September 21, 2006
(TORONTO) -- Jeff O'Neill slipped through the glass doors at the Ricoh Coliseum to find a pack of cameras and notepads waiting him but this is the nature of life as a Toronto Maple Leaf. You're hot news when you're up and you're hot news when you're down.
|Jeff O'Neill is hoping to blast in a few goals this season. |
O'Neill, bartered from the Carolina Hurricanes in the summer of 2005 for a conditional fourth rounder, endured a poor 2005-2006 with just 19 goals and several games lost to the press box.
But this season, a year removed from the death of his brother Donny and playing for his coach in Carolina, Paul Maurice, O'Neill has found the peace of mind that eluded him last season. He has probably been the best Leaf in the club's two exhibition games and is playing and skating with a purpose altogether lacking last year.
"For whatever reason, I was never able to get my mind on the game last year," said the 30-year-old O'Neill. "It was real tough year for me and for my family but now I feel refreshed. My mind has settled on hockey. I'm refocused."
Maurice loves the kid in the way a principal loves an earnest truant.
It was under Maurice that O'Neill struck for four seasons of 25 or more goals including 41 in 2000-2001. That's why Maurice called O'Neill this summer, to check in and make sure he was diligent in his offseason workouts.
"Jeff and I are always direct with each other," said Maurice. "It's no surprise, I care for the guy. You know a player and a man this long, you want to see him do well. I believe in his talent."
As well he might. If O'Neill can recapture his truculent game, one of the Leafs major shortcomings, a paucity of physical, hard-skating wingers goes out the windows. He has a terrific shot, can win face-offs when asked and is a slightly better than average skater. It is not impossible to suggest he could return as a first line left winger for Mats Sundin.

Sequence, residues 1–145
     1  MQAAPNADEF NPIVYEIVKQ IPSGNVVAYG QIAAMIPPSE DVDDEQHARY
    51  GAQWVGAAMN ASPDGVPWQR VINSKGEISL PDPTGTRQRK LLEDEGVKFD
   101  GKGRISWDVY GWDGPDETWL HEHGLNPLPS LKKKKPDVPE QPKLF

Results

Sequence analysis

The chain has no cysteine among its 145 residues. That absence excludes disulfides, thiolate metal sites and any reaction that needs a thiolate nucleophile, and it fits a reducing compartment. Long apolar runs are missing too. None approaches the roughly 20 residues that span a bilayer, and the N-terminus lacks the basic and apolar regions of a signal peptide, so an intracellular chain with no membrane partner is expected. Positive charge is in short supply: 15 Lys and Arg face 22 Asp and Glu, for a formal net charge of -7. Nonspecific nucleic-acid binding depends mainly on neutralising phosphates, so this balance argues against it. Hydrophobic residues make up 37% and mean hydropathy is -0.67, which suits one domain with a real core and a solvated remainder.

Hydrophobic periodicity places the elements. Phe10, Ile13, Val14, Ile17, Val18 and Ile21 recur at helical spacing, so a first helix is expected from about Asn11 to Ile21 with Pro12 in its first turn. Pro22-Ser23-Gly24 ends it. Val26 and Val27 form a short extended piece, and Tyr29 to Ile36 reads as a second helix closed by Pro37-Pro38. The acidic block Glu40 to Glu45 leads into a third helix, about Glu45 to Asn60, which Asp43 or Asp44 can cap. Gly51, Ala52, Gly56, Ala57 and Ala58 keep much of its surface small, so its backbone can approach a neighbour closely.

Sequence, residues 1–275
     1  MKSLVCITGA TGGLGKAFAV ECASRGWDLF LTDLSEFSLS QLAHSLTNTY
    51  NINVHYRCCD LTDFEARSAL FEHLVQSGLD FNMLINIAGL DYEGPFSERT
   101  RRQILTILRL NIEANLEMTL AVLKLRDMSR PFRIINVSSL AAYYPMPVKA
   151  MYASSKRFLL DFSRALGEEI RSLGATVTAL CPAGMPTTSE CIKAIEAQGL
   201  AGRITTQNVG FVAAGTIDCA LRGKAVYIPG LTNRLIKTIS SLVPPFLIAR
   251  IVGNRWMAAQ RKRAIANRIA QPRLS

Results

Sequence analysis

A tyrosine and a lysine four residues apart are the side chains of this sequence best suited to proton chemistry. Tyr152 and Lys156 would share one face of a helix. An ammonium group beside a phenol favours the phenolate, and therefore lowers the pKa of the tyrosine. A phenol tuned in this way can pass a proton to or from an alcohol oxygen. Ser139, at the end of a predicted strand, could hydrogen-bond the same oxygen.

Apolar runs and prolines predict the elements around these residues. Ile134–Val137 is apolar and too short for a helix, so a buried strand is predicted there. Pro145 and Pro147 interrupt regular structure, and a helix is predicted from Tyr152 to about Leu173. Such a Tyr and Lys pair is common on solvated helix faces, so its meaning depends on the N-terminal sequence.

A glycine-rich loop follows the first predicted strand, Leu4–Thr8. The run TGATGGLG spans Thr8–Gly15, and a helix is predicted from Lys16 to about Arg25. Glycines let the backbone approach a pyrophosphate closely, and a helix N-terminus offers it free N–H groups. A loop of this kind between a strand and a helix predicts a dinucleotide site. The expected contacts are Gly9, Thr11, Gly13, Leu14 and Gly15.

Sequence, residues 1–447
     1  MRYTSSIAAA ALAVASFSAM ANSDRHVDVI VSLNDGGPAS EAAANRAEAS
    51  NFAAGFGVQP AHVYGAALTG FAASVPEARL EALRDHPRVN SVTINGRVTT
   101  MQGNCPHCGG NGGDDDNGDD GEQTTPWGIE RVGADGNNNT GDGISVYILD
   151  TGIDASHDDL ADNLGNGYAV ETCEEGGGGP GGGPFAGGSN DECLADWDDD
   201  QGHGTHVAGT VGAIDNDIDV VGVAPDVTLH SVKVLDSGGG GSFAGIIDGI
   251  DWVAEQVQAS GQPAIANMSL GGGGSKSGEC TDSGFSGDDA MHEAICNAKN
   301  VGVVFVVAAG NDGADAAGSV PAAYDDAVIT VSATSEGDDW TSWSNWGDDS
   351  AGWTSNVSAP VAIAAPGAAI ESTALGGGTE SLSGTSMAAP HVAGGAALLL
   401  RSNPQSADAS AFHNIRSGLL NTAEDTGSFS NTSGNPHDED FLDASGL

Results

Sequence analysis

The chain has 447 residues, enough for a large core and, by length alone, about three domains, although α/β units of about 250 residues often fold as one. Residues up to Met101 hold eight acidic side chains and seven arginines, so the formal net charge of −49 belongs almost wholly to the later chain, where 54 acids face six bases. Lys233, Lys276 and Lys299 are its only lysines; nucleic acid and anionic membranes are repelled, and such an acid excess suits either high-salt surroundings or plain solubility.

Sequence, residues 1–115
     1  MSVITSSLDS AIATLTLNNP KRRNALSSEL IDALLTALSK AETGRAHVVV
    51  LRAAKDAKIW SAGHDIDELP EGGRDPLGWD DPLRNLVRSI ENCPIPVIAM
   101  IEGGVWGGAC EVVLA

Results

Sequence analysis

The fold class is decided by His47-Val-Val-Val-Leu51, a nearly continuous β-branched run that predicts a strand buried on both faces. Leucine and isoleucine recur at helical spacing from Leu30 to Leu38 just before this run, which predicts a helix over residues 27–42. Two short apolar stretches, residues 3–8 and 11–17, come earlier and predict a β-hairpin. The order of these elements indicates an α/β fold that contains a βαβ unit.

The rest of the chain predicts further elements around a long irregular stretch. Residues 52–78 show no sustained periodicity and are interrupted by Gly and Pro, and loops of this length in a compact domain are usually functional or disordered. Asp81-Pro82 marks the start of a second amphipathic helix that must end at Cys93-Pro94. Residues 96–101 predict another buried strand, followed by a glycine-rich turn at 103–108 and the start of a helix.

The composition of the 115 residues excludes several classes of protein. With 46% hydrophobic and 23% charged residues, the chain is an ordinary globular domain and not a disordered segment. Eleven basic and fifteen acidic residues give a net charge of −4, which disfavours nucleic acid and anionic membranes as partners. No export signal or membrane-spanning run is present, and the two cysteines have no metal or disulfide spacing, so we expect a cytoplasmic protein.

O'Neill needs to work and he knows it.
"I think everyone needs to be pushed, myself included" O'Neill said. "I don't want to hear three games down the road that my last three games weren't acceptable. I want to hear it the next shift."
"He (O'Neill) would fit into the half of the hockey dressing room you have to monitor," Maurice agrees.
For this, Maurice holds himself partially responsible. When O'Neill arrived in Hartford in 1995 body fat ratios were only discussed in bodybuilding books. Maurice, only 10-years-older than O'Neill, didn't yet know how to ask for more.
"I needed to be harder on him at 19," said Maurice, only half joking. "He was on the number one line with Brendan Shanahan and Nelson Emerson as a 21-year-old."
"We just basically have a man's relationship," said O'Neill of Maurice. "If I'm not doing something to his liking, he'll tell me to get my head out of my ass. It's a man's sport.
"I'm pretty much a standup guy. You can tell me what I'm not doing and I'll try to do it better. I don't think there are enough guys like that in the league."